Business Person Of the Month: Nona Robillard & Kim CallaisMay 15, 2012
Total Body Salon
Nona Robillard &
5172 Corporate Blvd.
Baton Rouge, LA 70808
Via Veneto Total Body Salon’s mission statement is to “Treat others as they want to be treated, not how you think they want to be treated.” They believe a business should “Do the right thing”. They both say, “We’re just Christian women trying to make a living.”
Owners, Nona Robillard & Kim Callais began their careers in the beauty industry more than 30 years ago. Their salon, Via Veneto, opened in 1997 on Corporate Blvd. Most of their current staff has been with them since the salon opened 14 years ago. Via Veneto is a “total body salon” (hair, skin and nails) that offers a family atmosphere for all people – all races, ages; men, women, and children. Kim and Nona are both family oriented people, moms with mortgages, not party people; they like to go home at night and put their feet up.
The salon is a family-like business – often cutting the hair of their loyal customers for the past 30 years. “There’s not much hair left on some heads, but they still come in regularly.” Men, women, and children have grown up with them over the years.
Nona has always been interested in the skin care side of the business. As a young person (teenager) she became interested in skin care and learning all she could about it. She chose Beauty/Cosmetology school to further her knowledge. When the time came to decide on continuing on this career path or choosing college, she was making too much money to quit. Nona worked in other salons/shops until 1997, when she and Kim opened their own business.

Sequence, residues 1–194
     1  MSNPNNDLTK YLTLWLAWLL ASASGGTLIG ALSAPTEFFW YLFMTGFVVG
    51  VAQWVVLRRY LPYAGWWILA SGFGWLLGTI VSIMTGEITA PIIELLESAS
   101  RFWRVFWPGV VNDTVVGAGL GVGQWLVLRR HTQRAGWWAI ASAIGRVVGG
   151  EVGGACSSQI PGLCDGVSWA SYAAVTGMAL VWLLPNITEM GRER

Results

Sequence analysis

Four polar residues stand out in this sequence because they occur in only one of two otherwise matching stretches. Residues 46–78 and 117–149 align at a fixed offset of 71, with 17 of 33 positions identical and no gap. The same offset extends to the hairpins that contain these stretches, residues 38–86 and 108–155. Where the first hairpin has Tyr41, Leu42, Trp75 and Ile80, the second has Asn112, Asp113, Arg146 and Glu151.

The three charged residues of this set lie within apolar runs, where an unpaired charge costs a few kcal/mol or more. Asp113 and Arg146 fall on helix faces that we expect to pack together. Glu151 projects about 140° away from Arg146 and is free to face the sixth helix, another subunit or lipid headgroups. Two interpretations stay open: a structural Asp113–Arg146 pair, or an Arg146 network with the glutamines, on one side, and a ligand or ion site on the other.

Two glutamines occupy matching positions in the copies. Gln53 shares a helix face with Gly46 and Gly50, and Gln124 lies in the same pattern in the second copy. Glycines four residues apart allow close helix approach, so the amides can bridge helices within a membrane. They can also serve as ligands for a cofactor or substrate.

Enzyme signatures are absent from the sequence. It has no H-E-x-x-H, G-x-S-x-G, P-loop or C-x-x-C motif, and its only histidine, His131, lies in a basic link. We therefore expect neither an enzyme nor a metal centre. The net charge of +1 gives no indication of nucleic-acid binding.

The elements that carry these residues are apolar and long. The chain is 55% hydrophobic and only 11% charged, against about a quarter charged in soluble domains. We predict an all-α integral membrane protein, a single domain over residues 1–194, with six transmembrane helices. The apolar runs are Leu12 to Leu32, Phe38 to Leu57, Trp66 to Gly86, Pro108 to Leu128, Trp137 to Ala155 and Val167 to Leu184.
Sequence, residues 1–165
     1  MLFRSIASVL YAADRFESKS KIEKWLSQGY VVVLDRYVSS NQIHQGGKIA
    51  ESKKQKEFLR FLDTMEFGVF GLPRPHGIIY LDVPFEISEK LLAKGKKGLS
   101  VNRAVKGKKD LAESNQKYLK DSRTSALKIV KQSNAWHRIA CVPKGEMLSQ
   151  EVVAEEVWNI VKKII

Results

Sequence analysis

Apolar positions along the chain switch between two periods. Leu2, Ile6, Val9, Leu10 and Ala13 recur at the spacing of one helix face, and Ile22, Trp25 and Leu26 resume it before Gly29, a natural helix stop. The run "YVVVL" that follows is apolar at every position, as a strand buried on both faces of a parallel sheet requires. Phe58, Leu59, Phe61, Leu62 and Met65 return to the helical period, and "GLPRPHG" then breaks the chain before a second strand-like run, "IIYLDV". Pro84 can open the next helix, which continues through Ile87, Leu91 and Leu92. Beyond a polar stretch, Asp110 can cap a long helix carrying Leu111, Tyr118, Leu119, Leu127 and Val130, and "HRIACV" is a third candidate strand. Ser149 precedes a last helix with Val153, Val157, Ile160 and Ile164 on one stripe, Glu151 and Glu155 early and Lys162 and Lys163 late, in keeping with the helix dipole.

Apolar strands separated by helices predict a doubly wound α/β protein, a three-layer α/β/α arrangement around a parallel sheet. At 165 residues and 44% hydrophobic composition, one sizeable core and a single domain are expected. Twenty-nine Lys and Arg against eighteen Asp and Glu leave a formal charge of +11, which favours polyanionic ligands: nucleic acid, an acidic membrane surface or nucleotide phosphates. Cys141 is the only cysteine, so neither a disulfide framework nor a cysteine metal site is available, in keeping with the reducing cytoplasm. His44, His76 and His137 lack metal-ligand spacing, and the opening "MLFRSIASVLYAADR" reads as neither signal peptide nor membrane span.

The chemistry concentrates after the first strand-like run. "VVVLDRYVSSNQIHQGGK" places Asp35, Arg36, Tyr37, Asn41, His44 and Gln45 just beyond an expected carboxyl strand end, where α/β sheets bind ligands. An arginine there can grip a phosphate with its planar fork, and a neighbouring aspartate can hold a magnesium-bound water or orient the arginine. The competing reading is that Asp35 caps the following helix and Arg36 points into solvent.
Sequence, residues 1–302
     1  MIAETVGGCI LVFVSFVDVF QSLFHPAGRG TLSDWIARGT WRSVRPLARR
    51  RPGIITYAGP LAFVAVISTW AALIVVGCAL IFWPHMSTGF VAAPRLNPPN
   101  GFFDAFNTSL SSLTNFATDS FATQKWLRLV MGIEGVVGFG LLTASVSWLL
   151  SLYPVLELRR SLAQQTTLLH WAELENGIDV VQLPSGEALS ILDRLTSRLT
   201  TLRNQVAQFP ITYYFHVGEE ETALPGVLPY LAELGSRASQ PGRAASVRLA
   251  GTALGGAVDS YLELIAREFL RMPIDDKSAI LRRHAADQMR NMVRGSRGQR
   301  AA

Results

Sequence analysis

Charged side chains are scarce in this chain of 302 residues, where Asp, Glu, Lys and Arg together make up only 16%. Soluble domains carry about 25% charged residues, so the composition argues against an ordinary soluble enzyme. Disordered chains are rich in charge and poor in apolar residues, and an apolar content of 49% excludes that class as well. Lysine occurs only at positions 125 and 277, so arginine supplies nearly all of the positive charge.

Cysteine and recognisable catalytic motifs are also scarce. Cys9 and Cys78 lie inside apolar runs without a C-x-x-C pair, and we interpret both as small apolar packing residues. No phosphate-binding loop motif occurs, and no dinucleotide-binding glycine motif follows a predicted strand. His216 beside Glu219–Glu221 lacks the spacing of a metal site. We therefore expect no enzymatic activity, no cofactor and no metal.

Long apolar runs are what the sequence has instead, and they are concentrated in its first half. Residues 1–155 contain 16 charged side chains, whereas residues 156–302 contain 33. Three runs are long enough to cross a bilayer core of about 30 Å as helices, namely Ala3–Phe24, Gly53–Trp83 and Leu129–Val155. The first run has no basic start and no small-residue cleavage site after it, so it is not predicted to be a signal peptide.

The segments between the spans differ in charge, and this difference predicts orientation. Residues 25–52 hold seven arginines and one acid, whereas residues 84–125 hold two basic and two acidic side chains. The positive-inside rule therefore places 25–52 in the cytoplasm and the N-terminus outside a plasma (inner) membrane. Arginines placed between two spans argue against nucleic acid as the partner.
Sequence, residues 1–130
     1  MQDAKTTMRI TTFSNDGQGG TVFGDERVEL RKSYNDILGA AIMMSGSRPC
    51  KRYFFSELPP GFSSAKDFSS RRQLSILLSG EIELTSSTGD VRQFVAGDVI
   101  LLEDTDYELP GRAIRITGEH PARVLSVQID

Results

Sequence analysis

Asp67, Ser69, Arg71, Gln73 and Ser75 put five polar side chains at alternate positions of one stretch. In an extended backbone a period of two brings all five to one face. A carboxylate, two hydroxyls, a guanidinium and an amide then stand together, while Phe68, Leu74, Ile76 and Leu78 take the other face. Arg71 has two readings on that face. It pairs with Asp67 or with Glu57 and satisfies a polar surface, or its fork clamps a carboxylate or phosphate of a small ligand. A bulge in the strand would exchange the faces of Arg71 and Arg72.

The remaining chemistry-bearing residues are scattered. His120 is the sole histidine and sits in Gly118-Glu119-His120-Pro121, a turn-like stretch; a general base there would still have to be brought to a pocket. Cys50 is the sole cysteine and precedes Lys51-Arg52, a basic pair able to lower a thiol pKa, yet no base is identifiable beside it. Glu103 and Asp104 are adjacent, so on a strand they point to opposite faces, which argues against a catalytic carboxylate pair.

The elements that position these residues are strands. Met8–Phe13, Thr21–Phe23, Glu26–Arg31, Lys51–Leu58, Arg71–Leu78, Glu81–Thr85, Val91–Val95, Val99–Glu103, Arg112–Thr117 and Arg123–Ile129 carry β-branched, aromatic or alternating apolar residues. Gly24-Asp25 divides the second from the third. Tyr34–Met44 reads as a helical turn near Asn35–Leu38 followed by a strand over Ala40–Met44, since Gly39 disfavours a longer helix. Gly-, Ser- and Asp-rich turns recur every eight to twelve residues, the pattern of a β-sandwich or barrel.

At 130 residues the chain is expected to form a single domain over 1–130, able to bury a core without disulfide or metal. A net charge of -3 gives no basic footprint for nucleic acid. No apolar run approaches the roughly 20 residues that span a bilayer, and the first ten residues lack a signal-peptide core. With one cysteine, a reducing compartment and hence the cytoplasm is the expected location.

While in high school, Kim began looking for a job to earn money for college. She had worked for barber shops and knew how to cut hair so, she went to beauty school to perfect her skills so she could put herself through college. She began LSU studying engineering. When the recession of the 80’s hit, she saw engineers unable to find work while she had a steady income, so she chose beauty over heavy equipment. She often wonders how she would have survived a 9 to 5 desk job since she has trouble sitting still.
Both Nona and Kim travel for the business, attending seminars in the US, Canada, and internationally to keep informed about current trends in the industry, such as skin care protocols and cut, color and wave techniques.
At Via Veneto, the client should always come away feeling good and with a commitment to a new routine, treatment or skin process.
People enjoy destination spas such as those in California that include all day or weekend spa treatments. Today, however, people are cutting back and prefer a la carte services as opposed to day long treatments. Kim and Nona saw that the Baton Rouge industry was leaning this way, so they adapted their services for those who don’t want to stay all day, but would rather come in for a specific treatment.
The business climate in Baton Rouge is not the same as it was 30 years ago. Most beauty salon businesses do not feel the recession as much as other “fluff’ businesses. This recession, however, has been different and more strongly felt by Via Veneto. Nona & Kim credit their continued success to working as employees together over the years and then coming together to build a business that “treats the customer as he/she wants to be treated”.
Kim, originally from Mississippi, moved here as a teenager. Her grandmother and roots are still in Mississippi. Nona is from Morganza, La. and came to Baton Rouge in the 70’s. They both believe in community and try to deal with other small businesses whenever possible in their day-to-day business dealings.
Both are strongly committed to community involvement as a business and as members of the community. They give back by providing a helping hand to schools, community organizations such as the battered women’s shelter, and becoming involved. They support the local artist community by featuring works by local artists. Kim’s husband Scott, a member of the Baton Rouge Epicurean society, held a recent fund-raiser for children’s nutrition & diabetes education.
They believe the current recession has hurt Baton Rouge business in general causing most businesses to cut back, and feel the City needs to give more support to small businesses with regulations and other issues. They would like to see Baton Rouge become a more appealing place to live through encouraging the arts, theater, and other cultural events.